[Lucinda Williams, "Blessed"}
Our blog is almost at its 6th birthday! Ok, June 21 technically, but close enough. With so much coming up on the blog this month -- more on that below -- today happened to be a good day to celebrate.
We're blessed to have entered a new era on the blog this year, with a new redesign and a roster of regular contributors who have given generously of their time and energy to post each day. And you all are blessed that our regular contributors cover so many of the days of the month that I post very infrequently now, and am getting close to my ideal of phasing myself out entirely (I mean, Manu Ginobili knows it's time to stop flopping and call it quits, and that seems a good model to follow after I watch our contributors lead us to the championship).
Further, we are blessed to have as one of our newest contributors Kate Bowler of Duke Divinity School, whose book Blessed: A History of the American Prosperity Gospel has just been released by Oxford! Those of you who have met the author, or followed her contributions here, will recognize the qualities of razor-sharp prose and wit that she either imported from The Great White North or learned from her academic advisor, the legendary raconteur Grant Wacker (or both). Those qualities are plenty in evidence here as she explains how "the prosperity gospel articulated a language of aspiration that spoke of materialism and transcendence in a single breath." What is notable here, also, is how the prose and the analysis never descends to condescension, in describing a movement where parody tends to be the easiest go-to option.
We''ll have more to say about this down the road once we have a chance to read it all the way through, so for the moment here's a bit more about the work.
Kate Bowler's Blessed is the first book to fully explore the origins, unifying themes, and major figures of a burgeoning movement that now claims millions of followers in America. Bowler traces the roots of the prosperity gospel: from the touring mesmerists, metaphysical sages, pentecostal healers, business oracles, and princely prophets of the early 20th century; through mid-century positive thinkers like Norman Vincent Peale and revivalists like Oral Roberts and Kenneth Hagin; to today's hugely successful prosperity preachers. Bowler focuses on such contemporary figures as Creflo Dollar, pastor of Atlanta's 30,000-member World Changers Church International; Joel Osteen, known as "the smiling preacher," with a weekly audience of seven million; T. D. Jakes, named by Time magazine one of America's most influential new religious leaders; Joyce Meyer, evangelist and women's empowerment guru; and many others. At almost any moment, day or night, the American public can tune in to these preachers-on TV, radio, podcasts, and in their megachurches-to hear the message that God desires to bless them with wealth and health. Bowler offers an interpretive framework for scholars and general readers alike to understand the diverse expressions of Christian abundance as a cohesive movement bound by shared understandings and common goals.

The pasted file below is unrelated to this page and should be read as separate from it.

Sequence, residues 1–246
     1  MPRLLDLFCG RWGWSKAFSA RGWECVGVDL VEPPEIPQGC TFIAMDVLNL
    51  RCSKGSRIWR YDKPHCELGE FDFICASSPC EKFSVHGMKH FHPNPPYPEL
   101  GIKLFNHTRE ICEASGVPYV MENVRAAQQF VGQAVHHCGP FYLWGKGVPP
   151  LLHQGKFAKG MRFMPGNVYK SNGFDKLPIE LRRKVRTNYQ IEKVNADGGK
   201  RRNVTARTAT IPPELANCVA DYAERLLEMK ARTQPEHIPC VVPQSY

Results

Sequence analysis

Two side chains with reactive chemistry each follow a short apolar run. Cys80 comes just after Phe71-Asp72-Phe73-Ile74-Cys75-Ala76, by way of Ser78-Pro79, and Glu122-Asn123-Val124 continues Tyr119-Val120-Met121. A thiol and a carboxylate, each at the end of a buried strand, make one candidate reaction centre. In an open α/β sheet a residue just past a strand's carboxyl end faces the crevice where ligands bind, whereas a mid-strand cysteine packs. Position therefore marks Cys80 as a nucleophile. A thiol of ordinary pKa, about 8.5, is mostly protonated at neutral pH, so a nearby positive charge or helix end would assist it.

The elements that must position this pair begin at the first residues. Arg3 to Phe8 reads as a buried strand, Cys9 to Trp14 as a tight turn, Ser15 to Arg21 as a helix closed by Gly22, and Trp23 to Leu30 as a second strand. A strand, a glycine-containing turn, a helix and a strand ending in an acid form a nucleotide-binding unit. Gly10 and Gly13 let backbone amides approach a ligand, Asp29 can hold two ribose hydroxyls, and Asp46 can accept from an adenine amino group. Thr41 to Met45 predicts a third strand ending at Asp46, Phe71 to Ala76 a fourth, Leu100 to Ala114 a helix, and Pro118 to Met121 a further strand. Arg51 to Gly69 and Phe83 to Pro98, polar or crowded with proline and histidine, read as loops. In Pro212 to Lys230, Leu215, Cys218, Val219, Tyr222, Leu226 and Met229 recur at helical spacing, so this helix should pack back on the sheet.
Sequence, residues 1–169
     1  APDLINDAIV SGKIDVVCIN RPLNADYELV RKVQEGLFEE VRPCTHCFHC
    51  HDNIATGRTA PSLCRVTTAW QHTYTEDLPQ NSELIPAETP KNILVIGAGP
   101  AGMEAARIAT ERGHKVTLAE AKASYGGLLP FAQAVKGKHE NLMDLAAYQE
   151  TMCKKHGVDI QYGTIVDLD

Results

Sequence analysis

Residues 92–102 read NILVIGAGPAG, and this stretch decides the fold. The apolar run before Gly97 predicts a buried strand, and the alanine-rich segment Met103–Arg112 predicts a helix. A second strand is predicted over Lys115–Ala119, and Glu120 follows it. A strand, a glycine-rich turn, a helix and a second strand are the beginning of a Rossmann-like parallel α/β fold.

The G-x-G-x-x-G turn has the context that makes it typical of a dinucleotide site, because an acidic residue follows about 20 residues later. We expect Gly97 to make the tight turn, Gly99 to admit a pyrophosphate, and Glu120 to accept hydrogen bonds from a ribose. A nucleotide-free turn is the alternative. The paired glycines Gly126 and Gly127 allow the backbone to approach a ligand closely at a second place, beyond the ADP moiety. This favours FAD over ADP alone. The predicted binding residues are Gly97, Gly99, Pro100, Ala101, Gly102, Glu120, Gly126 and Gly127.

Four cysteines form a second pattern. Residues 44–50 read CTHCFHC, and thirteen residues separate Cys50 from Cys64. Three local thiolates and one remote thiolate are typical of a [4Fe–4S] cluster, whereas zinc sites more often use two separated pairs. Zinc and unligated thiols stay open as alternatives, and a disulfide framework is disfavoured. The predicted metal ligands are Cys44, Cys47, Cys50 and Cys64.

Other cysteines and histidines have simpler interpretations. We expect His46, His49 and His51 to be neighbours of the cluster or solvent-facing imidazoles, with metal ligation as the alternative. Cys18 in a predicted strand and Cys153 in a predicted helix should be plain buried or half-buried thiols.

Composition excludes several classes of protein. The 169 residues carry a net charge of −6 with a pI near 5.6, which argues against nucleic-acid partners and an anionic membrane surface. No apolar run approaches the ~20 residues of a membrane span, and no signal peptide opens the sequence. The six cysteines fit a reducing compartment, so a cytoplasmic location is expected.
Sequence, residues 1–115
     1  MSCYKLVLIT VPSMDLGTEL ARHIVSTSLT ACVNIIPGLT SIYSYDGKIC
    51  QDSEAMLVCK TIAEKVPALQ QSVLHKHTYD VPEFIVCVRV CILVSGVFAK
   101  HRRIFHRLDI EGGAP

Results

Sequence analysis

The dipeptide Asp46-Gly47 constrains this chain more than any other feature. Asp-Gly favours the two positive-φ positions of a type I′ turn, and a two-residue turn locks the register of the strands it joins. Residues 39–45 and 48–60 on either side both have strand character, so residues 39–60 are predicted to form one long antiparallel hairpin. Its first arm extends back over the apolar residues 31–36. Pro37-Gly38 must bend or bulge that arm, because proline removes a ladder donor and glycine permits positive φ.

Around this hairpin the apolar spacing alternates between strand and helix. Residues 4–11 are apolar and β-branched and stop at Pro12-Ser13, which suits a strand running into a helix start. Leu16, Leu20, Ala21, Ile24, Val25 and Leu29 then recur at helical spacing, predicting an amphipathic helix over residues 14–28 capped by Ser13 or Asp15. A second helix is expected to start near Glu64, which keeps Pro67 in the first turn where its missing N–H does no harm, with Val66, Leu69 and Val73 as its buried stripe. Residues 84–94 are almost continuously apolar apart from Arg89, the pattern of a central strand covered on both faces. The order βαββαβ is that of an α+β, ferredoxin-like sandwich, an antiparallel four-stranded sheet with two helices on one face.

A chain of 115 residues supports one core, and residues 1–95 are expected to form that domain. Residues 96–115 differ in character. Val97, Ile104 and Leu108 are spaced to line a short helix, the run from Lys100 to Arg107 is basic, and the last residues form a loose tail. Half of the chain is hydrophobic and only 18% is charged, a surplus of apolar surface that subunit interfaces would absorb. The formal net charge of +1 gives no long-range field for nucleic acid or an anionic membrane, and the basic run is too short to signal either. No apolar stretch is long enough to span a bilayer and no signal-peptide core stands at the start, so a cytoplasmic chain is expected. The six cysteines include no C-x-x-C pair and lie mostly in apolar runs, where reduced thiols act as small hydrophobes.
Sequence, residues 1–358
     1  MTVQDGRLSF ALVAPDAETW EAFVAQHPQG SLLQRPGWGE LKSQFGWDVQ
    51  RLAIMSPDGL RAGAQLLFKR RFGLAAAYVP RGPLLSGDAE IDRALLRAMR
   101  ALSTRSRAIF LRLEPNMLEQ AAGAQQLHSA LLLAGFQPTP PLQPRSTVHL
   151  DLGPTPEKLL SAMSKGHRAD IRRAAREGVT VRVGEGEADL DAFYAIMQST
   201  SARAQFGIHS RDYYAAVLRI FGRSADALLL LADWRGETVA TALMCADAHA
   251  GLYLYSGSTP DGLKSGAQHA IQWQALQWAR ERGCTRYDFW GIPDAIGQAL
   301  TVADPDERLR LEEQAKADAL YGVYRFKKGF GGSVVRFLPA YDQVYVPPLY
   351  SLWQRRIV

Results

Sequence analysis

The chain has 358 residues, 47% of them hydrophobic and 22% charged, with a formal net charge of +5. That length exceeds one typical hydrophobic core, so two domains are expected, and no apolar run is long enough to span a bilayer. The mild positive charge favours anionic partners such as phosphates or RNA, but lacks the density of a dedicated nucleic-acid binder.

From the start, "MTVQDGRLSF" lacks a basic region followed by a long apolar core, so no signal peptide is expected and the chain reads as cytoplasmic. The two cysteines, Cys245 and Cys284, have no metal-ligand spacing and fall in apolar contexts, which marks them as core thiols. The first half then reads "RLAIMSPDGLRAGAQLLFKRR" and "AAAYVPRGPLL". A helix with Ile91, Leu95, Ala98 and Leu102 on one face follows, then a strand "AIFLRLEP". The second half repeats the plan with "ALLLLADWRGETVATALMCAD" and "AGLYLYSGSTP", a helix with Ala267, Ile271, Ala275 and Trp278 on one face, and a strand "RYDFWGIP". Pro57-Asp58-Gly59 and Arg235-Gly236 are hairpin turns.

And finally, a little preview of coming attractions: starting next week on June 12th, we'll be running a six-day series on John Modern's Secularism in Antebellum America, featuring five responses to the book at last year's "author meets critics" session in the North American Religions section of the AAR. The responses will be from Chad Seales, Finbarr Curtis, Chip Callahan, Paul Johnson, and Katie Lofton, and then we'll wrap it up with reflections on the responses by John Lardas Modern. And yes, that is pretty much the all-star team of Religious Studies, so get ready to rumble with some pretty hefty essay blog posts coming up.
Then just a bit later on this month and through the summer, we'll have a lot of reviews of new and newish books, including Christopher Jones's look at James Byrd's new book Sacred Scripture, Sacred War, and Jonathan den Hartog on some new books in earlier American religious history, and much else besides.
Finally, we are blessed to have you all out there, reading, commenting, and sending along your feedback. Long may you prosper.